But while it’s easy to laugh at misguided couples blanketing sites like OKCupid with poorly worded missives and requests for pix, there’s something deeply uncomfortable about the notion of the unicorn. All women are forced to deal with the assumption that their sexuality exists primarily to pleasure other people, but for bisexual women—who are routinely forced to defend their identities, “proving” the validity of their attractions—this kind of fetishization can cut extra deep.
In the wider dating world, being attracted to more than one gender is often held against us: Lesbians refuse to date women who might leave them for a man, and straight men don’t take our queer relationships seriously (or balk at the notion that our attraction to women isn’t solely about their pleasure). Indeed, our expansive capacity for attraction is treated as a flaw right up until it serves someone else’s sexual fantasy—until it can be put to use to spice up a hetero couple’s sex life (or, for the bisexual women included in these couples, until it can be used to get their partners more play).
And while fetishization and objectification are fairly common practices in online dating—who hasn’t felt like a piece of meat after a few days on Tinder?—it can be even more intense in this instance. Because queer women are being sought out to fulfill a specific fantasy, and play a certain role, they’re often approached more as sexual service providers than actual human beings. Kira, a “multisexual” New Orleans-based executive assistant who contacted me through Facebook, complained about being approached by “straight girls looking for ‘birthday’ presents for their boyfriends,” a phrasing that suggests that queer women are “objects to give as gifts. As if we should be excited by that opportunity.”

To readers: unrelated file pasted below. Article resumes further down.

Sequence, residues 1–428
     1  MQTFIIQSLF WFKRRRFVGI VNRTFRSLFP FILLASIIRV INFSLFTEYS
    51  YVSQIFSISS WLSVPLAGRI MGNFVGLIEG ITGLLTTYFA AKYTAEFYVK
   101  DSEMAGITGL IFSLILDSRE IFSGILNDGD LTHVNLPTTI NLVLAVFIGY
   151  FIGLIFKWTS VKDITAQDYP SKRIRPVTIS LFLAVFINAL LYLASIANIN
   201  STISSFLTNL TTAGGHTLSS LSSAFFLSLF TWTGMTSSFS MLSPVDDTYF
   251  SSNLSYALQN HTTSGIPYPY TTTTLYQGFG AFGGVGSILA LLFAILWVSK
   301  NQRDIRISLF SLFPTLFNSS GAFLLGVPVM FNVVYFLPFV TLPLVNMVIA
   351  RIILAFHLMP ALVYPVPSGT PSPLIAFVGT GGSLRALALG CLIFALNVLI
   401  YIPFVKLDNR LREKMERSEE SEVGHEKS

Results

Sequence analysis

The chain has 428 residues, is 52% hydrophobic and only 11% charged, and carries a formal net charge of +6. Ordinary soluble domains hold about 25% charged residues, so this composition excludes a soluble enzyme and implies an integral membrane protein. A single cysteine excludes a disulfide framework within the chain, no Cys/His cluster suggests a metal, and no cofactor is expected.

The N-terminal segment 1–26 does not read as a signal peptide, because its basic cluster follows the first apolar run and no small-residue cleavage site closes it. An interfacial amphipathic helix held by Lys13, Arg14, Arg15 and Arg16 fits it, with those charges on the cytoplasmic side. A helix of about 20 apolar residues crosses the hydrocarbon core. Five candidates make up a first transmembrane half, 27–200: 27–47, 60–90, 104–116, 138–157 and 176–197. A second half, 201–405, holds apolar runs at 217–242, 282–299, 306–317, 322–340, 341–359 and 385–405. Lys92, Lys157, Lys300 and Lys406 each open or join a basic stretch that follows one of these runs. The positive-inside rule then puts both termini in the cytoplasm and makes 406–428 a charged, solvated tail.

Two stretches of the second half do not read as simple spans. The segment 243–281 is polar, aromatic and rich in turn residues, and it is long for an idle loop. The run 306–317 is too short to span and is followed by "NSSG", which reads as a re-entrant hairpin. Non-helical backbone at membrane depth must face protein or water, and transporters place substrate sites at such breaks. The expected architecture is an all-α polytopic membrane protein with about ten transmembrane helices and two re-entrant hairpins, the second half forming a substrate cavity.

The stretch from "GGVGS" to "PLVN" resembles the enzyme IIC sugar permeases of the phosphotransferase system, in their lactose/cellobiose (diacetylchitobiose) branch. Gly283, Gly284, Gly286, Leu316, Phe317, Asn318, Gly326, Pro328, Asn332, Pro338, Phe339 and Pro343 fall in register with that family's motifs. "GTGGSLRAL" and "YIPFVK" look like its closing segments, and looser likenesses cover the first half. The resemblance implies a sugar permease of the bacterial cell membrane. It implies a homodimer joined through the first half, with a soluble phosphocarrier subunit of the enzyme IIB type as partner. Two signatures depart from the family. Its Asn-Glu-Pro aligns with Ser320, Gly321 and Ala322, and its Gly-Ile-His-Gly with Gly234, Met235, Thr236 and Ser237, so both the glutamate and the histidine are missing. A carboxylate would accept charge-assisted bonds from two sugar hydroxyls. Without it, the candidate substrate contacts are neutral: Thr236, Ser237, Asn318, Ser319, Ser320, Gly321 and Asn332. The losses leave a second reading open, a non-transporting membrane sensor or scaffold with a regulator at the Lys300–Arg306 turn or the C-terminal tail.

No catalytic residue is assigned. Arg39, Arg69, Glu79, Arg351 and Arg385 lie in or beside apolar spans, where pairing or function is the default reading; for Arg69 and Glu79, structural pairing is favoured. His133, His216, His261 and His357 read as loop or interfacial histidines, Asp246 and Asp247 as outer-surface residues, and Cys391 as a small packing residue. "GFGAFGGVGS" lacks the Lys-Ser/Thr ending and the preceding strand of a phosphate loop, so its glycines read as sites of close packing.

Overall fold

This assumption that being a couple’s third is some sort of special honor shapes the way many threesome seekers approach their would-be unicorns, mapping out elaborate criteria for consideration and often making demands for information and pictures without offering any in return. Those kinds of requests can be exhausting even if you’re into the person making them; if you’re on the fence, or not really interested, they can be downright insulting.
Kira recounted one experience she had with a couple on FetLife, an online community and dating site for BDSM and fetish aficionados, who attributed their picture-free profile to the fact that they were “internet personalities” who needed to protect their reputation. But that need to protect a reputation didn’t stop them from being forthcoming about what they were looking for. Specifically, a “clean” partner. Also, “thick is ok but not BBW. No full African Americans, will consider mix.” For Kira—who’s black but can pass as white—the couple’s approach was “beyond dehumanizing.” She told me, “I hated the idea that my perceived race was up for scrutiny … [That] despite my lack of interest, they'd only ‘consider’ me.”